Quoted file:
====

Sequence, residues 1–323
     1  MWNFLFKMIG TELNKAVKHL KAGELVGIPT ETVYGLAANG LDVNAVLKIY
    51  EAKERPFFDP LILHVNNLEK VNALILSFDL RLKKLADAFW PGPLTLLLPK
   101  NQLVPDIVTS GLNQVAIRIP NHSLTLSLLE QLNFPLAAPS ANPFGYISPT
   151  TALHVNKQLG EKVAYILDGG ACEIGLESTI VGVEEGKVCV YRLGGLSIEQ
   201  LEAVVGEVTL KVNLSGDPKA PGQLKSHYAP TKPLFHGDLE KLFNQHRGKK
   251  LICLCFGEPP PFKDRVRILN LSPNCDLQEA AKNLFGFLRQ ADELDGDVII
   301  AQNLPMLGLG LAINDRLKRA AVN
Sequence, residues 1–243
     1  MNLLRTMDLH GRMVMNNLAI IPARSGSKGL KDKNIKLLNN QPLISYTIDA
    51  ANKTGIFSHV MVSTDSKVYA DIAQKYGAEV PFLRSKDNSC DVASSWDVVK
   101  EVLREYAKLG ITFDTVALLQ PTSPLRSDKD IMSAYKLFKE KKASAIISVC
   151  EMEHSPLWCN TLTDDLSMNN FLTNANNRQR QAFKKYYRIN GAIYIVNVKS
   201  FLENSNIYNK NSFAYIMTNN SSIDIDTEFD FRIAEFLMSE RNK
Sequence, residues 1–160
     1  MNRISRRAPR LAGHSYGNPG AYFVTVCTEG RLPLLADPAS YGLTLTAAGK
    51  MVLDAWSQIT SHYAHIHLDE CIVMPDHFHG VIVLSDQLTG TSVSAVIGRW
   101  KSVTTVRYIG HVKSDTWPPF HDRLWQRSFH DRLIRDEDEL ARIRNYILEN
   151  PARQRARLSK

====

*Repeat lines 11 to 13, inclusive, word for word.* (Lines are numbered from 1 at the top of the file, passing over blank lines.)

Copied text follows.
    51  ANKTGIFSHV MVSTDSKVYA DIAQKYGAEV PFLRSKDNSC DVASSWDVVK
   101  EVLREYAKLG ITFDTVALLQ PTSPLRSDKD IMSAYKLFKE KKASAIISVC
   151  EMEHSPLWCN TLTDDLSMNN FLTNANNRQR QAFKKYYRIN GAIYIVNVKS